Churches featuring contemporary worship rarely if ever delve into the deep doctrines of our faith, instructing the saints what to believe about God and what duty God requires of man. But more than that, whatever truth may happen to be proclaimed is drowned out by the loud rock music, and is overwhelmed by the entire sensual experience, complete with strobe lights, clown acts, video clips, liturgical dancing, and smoke, in a context of screaming people swaying back and forth. The sensualism eats away at and undermines the truth about Jesus.

Curiously enough, “contemporary” worship is nothing new. Oh, yes, the technology may be modern. But the approach is actually quite medieval. Roman Catholicism embraced sensualism in the Middle Ages, with all the colorful pageantry and emphasis on an emotional experience. The mega-church worship leaders are merely mimicking what Roman Catholic priests and monastic choirs have been doing for centuries. The appeal is the same for the masses of people—getting caught up in a religious experience without ever being confronted with their sin or the need for repentance and a full embrace of the gospel of Christ.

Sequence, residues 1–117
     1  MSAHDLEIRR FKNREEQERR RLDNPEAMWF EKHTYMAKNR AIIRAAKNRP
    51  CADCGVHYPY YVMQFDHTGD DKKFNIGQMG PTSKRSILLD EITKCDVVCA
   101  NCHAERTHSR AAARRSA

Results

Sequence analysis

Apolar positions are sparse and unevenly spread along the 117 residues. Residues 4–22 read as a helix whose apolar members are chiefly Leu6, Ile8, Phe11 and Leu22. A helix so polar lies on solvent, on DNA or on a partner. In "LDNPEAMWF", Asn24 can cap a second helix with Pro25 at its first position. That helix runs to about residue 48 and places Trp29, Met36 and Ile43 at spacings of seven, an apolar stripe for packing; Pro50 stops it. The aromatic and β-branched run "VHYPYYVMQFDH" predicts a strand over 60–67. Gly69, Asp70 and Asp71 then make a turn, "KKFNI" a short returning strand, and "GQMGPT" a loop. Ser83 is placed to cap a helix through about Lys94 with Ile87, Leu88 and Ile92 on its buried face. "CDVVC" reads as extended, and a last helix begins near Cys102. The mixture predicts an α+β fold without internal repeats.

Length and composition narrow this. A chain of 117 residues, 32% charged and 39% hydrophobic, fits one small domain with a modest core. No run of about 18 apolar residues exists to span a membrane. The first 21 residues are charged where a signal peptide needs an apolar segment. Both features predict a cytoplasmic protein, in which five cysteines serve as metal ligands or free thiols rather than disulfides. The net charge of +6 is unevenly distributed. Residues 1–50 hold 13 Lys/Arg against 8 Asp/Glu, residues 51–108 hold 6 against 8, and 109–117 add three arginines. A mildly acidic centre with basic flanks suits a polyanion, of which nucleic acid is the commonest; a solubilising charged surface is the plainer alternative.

IV. Relationship Among These Three Facets

Perhaps at first blush, these three crucial issues may not seem to bear much relation to each other, other than as manifestations of rebellion against God. However, we would suggest that there are ways in which they are related.

Romans 1 speaks of the creation of the world which demonstrates the glory of God. However, there are those who have “exchanged the truth of God for the lie, and worshipped and served the creature rather than the Creator.” Because of that idolatry, “God gave them up” to the sins of homosexuality and lesbianism. Here we see these three themes brought together by the Apostle Paul.